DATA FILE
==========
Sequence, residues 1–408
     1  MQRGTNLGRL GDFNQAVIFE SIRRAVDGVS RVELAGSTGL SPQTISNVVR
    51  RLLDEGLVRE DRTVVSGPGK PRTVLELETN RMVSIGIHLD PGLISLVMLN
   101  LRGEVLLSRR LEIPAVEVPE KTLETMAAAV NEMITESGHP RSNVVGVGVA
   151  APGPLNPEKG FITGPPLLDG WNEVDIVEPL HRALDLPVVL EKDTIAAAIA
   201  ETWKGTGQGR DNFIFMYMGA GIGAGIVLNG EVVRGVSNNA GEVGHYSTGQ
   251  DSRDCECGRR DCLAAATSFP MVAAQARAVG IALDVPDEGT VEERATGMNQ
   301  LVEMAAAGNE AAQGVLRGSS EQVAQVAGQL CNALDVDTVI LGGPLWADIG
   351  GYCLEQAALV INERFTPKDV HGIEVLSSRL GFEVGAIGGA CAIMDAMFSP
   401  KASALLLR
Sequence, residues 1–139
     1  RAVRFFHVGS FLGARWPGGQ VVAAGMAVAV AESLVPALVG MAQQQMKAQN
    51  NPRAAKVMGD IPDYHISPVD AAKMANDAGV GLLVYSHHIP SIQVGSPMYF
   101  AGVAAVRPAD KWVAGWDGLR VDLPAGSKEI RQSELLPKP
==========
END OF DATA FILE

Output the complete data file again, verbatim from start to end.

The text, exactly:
Sequence, residues 1–408
     1  MQRGTNLGRL GDFNQAVIFE SIRRAVDGVS RVELAGSTGL SPQTISNVVR
    51  RLLDEGLVRE DRTVVSGPGK PRTVLELETN RMVSIGIHLD PGLISLVMLN
   101  LRGEVLLSRR LEIPAVEVPE KTLETMAAAV NEMITESGHP RSNVVGVGVA
   151  APGPLNPEKG FITGPPLLDG WNEVDIVEPL HRALDLPVVL EKDTIAAAIA
   201  ETWKGTGQGR DNFIFMYMGA GIGAGIVLNG EVVRGVSNNA GEVGHYSTGQ
   251  DSRDCECGRR DCLAAATSFP MVAAQARAVG IALDVPDEGT VEERATGMNQ
   301  LVEMAAAGNE AAQGVLRGSS EQVAQVAGQL CNALDVDTVI LGGPLWADIG
   351  GYCLEQAALV INERFTPKDV HGIEVLSSRL GFEVGAIGGA CAIMDAMFSP
   401  KASALLLR
Sequence, residues 1–139
     1  RAVRFFHVGS FLGARWPGGQ VVAAGMAVAV AESLVPALVG MAQQQMKAQN
    51  NPRAAKVMGD IPDYHISPVD AAKMANDAGV GLLVYSHHIP SIQVGSPMYF
   101  AGVAAVRPAD KWVAGWDGLR VDLPAGSKEI RQSELLPKP